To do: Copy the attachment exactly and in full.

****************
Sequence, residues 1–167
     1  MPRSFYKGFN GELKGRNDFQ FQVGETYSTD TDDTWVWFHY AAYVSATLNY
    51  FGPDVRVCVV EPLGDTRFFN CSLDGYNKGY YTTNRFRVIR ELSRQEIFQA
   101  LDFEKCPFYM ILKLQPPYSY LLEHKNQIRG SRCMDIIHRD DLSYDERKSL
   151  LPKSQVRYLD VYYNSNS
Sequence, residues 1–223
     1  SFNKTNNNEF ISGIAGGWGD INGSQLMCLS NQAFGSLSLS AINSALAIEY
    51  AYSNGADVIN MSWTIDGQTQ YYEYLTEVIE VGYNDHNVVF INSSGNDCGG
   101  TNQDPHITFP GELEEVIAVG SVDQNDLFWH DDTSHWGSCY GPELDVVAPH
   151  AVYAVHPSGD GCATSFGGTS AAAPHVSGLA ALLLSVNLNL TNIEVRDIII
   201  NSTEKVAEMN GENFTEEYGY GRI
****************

Sequence, residues 1–167
     1  MPRSFYKGFN GELKGRNDFQ FQVGETYSTD TDDTWVWFHY AAYVSATLNY
    51  FGPDVRVCVV EPLGDTRFFN CSLDGYNKGY YTTNRFRVIR ELSRQEIFQA
   101  LDFEKCPFYM ILKLQPPYSY LLEHKNQIRG SRCMDIIHRD DLSYDERKSL
   151  LPKSQVRYLD VYYNSNS
Sequence, residues 1–223
     1  SFNKTNNNEF ISGIAGGWGD INGSQLMCLS NQAFGSLSLS AINSALAIEY
    51  AYSNGADVIN MSWTIDGQTQ YYEYLTEVIE VGYNDHNVVF INSSGNDCGG
   101  TNQDPHITFP GELEEVIAVG SVDQNDLFWH DDTSHWGSCY GPELDVVAPH
   151  AVYAVHPSGD GCATSFGGTS AAAPHVSGLA ALLLSVNLNL TNIEVRDIII
   201  NSTEKVAEMN GENFTEEYGY GRI